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180

Clothes require laundry because they have accumulated dirt and other materials from the environment and their wearer. If the astronaut was not wearing those clothes then that material they captured would be released to the environment. In the space station it is a closed environment where such dirt and material would contribute to the accumulated hazards. ...


80

Clothing performs essential duties on the station in addition to modesty. They are an easy way to organize stuff. In addition to pockets, clothing is festooned with velcro strips for attaching tools, pens etc. NASA is working on methods for washing clothes in space. Not surprisingly, they've studied the tradeoffs between including a washing machine in the ...


52

Those are jets of water released by the sound suppression systems installed on the pads and the mobile launcher platforms to protect orbiters and their payloads from being damaged by acoustical energy, reflected from the platform during the liftoff stage of a rocket launch. For example, this is the sound suppression system at the NASA Kennedy Space Center's ...


35

Short answer, No different from Earth in floating. Buoyancy in water or any fluid is based on the weight of water displaced. Floating is based on the weight of the item displacing water. This is ultimately ends up in comparing densities. If the density of the displacing object is greater than the density of the fluid it will weigh more and sink, if it's ...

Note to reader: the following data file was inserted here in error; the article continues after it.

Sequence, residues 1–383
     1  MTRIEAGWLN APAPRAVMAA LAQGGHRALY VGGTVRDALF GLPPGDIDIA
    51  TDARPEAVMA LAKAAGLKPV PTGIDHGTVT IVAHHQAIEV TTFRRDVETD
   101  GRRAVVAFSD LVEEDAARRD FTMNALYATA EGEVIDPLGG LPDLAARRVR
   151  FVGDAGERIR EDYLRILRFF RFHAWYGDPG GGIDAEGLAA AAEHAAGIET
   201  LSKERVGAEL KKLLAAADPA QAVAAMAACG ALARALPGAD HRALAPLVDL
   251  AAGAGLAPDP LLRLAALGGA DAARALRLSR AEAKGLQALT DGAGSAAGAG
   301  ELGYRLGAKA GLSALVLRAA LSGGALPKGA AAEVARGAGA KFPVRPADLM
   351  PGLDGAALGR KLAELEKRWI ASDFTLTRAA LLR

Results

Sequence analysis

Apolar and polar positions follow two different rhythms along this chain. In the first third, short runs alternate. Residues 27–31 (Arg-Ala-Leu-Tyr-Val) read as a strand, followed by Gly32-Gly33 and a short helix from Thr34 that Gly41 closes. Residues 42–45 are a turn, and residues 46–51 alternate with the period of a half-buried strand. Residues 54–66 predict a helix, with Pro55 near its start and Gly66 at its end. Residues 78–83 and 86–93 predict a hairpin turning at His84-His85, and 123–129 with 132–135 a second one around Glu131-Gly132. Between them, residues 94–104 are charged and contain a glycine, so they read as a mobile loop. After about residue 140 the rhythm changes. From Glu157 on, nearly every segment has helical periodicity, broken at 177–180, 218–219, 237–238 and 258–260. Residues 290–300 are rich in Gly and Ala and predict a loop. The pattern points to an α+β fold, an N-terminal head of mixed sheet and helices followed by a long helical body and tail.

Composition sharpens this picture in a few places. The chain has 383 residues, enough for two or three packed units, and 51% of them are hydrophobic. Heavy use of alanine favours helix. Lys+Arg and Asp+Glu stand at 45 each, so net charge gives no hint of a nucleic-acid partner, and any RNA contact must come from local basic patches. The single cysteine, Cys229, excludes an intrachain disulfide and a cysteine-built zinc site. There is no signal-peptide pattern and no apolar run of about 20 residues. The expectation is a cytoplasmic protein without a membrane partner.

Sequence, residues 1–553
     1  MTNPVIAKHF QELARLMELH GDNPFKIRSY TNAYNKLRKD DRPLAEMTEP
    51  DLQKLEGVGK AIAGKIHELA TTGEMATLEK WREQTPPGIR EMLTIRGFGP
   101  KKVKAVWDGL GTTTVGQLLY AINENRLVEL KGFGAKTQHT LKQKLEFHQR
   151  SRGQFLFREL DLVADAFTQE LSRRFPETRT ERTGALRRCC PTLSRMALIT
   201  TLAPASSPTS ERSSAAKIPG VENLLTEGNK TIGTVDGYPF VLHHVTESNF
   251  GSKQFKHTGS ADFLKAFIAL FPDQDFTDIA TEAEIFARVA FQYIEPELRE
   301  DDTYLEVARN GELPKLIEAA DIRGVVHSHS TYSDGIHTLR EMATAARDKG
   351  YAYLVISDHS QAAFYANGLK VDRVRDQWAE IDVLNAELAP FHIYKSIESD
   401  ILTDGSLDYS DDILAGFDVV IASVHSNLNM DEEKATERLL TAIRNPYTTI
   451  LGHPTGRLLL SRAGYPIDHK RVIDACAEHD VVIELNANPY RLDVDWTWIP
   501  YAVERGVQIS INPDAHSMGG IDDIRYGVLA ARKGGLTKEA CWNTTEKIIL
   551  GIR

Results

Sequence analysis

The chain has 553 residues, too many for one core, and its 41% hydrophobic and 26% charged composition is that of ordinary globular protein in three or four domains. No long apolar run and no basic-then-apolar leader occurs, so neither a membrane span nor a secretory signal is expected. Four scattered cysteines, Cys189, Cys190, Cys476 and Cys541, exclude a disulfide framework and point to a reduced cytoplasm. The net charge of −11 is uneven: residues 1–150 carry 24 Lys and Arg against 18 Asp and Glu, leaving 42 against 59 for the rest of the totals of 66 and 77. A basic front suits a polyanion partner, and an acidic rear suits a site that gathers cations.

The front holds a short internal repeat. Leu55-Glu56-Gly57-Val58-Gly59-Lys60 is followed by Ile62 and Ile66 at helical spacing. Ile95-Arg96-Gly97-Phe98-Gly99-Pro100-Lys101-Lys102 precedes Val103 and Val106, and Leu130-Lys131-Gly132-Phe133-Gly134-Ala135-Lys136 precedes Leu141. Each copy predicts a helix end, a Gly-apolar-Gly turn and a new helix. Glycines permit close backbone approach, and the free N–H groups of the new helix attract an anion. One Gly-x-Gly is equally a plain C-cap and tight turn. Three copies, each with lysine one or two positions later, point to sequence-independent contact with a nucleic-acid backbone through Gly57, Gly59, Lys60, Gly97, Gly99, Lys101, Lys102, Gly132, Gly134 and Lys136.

27

Fundamentally, water is water. In its purest form, it is the same anywhere, except perhaps for the isotopes. However, one of the wonderful things about water is the fact that it's a good solvent, and in fact has many things in it that aren't water. For instance, one could not survive off of ocean water: we humans require fresh water. The one potential ...


24

We know from the nuclear power industry that spent fuel storage pools are pretty safe places to be around, radiation-wise. They're actually safe to swim in, to a point, because they're serviced routinely by human divers. They just can't get too close to the spent fuel. We use these pools for short-term storage because water is a really good radiation shield....